My hoarding tendencies. I've kept old school books and I've kept pretty much every postcard and personal letter I've ever received. But that's not all - I have boxes full of old stuff - everything from broken watches, and pens which have run dry, to old clothes which don't fit any more, and tacky souvenirs from long ago. As I look at the shelf above my computer, I see I still have a Windows 95 instruction manual there - several operating systems behind the times, and utterly useless today. Some of this hoarding is because I hate discarding things which may conceivably one day be of value. Some of it however, is just down to sentimental attachment.

My Database Addiction. I LOVE compiling databases, lists and charts. I have databases detailing all the plants in my house and garden, when and where they were bought, when they flower and almost everything else about them that can possibly be recorded. I have similar databases for my rocks and minerals and model aircraft, and I have computer generated lists covering everything from favourite cities and scenic sights and life experiences to favourite films, favourite music, TV shows and so on.


Sometimes willingly, and sometimes through circumstances beyond my control, these are a few of the things I'm glad I've missed out on, and a few other things which I truly regret never doing.

Never owned a smart phone, nor a sat-nav, nor satellite TV, an XBox or Nintendo, nor a Game Boy nor any other gaming console other than one of those Binatone tennis ping-pong beep-beep-beep games which first arrived on the scene when personal computer technology was still in its infancy. At the time of writing (2018) I am seriously considering buying a smart phone, though not for regular access to the internet - I'll never fathom why anyone wants to peer at text on a tiny pocket sized screen when they can read it on a desktop or laptop. No - if I buy one, it'll only be because a smart phone allows access to one or two useful apps like sat-nav, so I can effectively kill more than one bird with one stone. Expect when I do buy one however, for it to be second-hand, or maybe a version several upgrades out of date!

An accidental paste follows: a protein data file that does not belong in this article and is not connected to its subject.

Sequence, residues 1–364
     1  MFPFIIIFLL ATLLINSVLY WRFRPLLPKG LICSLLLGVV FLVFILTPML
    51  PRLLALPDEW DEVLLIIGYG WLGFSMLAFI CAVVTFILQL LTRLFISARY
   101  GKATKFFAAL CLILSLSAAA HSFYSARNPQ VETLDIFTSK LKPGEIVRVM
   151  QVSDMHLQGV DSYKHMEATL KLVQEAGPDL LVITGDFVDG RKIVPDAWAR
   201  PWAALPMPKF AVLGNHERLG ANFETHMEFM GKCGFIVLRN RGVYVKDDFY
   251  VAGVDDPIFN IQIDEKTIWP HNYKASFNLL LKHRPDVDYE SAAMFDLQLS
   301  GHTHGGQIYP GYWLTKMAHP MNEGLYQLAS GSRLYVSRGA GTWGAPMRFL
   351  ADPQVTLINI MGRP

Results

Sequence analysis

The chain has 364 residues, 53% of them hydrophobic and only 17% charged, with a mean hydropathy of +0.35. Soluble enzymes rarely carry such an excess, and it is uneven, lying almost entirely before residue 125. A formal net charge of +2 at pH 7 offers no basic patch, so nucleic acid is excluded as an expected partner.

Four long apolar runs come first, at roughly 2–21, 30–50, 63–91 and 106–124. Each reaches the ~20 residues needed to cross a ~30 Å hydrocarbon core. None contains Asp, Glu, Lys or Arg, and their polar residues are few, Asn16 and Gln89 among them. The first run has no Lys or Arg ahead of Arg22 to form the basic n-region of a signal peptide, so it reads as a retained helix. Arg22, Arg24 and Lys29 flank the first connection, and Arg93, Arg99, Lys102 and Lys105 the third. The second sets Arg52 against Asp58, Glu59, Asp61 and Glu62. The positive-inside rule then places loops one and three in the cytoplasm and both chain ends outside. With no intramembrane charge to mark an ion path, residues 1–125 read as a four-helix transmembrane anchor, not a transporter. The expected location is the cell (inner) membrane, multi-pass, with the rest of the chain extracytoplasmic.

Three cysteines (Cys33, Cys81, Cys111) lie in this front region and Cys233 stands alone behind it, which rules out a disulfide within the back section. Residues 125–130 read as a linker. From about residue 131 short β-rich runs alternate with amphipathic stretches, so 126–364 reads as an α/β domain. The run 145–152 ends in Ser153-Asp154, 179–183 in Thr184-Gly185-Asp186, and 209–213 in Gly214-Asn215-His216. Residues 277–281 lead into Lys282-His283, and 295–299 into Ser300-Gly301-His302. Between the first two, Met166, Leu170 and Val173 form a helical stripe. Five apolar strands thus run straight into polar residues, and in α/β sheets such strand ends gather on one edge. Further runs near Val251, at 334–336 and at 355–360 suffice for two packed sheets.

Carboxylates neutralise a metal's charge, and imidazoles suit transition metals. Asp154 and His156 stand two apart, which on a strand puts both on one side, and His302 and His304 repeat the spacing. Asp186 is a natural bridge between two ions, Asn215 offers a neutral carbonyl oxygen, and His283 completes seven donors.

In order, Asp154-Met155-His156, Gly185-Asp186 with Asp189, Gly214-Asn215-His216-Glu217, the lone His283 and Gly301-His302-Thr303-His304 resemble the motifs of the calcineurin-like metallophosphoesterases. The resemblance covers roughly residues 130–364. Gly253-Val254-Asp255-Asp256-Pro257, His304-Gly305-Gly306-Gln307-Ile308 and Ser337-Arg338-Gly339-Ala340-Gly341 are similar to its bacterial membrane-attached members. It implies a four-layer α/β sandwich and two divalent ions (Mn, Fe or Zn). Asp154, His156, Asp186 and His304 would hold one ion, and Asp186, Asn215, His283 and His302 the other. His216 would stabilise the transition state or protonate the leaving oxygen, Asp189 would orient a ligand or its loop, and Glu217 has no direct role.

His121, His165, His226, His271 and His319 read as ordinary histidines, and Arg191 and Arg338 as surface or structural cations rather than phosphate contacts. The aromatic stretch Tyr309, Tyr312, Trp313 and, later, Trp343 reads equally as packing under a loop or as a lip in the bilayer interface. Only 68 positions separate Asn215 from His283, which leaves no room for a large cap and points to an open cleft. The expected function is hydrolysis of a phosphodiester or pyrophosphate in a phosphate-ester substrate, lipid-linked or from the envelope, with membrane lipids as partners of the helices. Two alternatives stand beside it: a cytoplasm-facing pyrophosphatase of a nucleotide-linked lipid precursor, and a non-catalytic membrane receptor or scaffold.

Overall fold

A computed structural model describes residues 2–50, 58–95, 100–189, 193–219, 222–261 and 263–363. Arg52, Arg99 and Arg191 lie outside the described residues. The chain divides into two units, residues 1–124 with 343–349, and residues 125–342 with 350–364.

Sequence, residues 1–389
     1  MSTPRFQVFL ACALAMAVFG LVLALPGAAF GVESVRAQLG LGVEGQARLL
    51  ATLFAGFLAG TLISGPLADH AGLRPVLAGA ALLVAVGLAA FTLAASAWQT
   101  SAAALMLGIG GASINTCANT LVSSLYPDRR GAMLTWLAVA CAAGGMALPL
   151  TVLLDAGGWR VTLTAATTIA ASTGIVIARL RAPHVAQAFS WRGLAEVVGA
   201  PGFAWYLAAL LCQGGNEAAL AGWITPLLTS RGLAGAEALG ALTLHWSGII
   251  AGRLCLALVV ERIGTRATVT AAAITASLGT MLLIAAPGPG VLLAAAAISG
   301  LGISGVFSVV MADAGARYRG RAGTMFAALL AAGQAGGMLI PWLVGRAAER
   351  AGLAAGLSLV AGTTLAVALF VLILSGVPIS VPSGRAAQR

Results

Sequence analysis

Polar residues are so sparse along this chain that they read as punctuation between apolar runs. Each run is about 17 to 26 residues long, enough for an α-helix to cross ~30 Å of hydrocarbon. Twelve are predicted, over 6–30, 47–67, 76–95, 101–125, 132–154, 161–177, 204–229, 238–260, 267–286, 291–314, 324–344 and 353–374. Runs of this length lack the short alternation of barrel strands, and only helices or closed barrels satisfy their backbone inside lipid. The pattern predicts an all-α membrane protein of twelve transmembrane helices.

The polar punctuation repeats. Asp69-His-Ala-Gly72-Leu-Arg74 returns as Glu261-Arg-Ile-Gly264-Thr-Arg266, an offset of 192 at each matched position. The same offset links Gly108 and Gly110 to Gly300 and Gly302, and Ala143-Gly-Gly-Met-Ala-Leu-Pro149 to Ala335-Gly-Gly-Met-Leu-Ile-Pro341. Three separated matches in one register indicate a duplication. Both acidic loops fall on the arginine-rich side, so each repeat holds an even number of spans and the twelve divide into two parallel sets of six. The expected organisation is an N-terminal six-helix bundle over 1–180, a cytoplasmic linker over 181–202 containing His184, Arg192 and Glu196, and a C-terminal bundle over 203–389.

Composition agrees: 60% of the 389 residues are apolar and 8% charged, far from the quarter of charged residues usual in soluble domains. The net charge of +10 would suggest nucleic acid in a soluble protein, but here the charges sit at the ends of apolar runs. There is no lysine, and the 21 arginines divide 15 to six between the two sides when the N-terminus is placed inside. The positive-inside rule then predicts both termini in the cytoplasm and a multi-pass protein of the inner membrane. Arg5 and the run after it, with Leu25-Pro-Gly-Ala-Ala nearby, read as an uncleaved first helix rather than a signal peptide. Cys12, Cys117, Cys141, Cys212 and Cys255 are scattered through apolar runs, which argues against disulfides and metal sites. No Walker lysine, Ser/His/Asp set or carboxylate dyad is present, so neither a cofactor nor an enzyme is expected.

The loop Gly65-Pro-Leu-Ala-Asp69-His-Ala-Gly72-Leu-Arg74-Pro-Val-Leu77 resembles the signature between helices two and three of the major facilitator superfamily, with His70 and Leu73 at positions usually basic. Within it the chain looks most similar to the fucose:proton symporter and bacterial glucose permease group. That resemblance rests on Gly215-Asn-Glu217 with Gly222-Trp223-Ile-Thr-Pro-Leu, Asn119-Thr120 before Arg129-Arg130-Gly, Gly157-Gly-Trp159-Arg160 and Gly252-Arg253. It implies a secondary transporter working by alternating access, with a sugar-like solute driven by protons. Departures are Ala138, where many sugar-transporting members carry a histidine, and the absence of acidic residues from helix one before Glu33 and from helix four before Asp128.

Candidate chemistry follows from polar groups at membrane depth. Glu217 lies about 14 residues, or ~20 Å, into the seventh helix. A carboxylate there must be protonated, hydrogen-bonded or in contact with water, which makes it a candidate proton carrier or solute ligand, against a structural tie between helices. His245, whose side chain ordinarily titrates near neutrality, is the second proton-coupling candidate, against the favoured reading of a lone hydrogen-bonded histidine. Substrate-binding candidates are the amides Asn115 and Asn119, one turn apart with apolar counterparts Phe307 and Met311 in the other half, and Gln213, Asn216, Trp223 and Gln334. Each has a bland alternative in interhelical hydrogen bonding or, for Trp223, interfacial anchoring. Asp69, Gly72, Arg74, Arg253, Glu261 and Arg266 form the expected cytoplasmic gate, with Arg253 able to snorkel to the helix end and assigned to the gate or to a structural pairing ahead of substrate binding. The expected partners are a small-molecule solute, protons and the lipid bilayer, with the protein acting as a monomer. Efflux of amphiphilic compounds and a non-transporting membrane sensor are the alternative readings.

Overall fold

Never ever been to a pop concert, never been invited to one, and never particularly wanted to go. As for a music festival - seriously? Sodden muddy ground, inedible junk food, cold showers, long queues for dirty toilets, and music I don't like. Why on earth would I ever go?

Never visited places I should have visited. Living in the south of England I've travelled extensively to North America, Central America, Asia and Africa and to many countries in Europe, but ... I've never been to Scotland, North Wales or to Ireland and I've only twice travelled north of Birmingham. It's easy to take for granted the places on your own doorstep - a state of affairs I must rectify soon.

Never done recreational drugs. I've just not moved in those circles. I once saw a friend rolling a joint - that was literally the closest I've ever come to that world. I've smoked maybe two packets of cigarettes in my life. No more, because that was just done out of curiosity, and there was no appeal for me so I stopped. I've also drunk nothing stronger than beer (which I didn't like).

Never had a home of my own until the age of 46, never been married, never had children, and never had a proper girlfriend until the age of 50. I have made up for it since then though, and I got engaged in 2017.

After reading all the above, I can say that I've never been accused of living a really exciting life.

(2019 Postscript - I now have a sat-nav. I got fed up of relying on old out-of-date maps and signposts. I still don't have a smart phone.)

I’d Love to Hear Your Comments. Thanks, Alun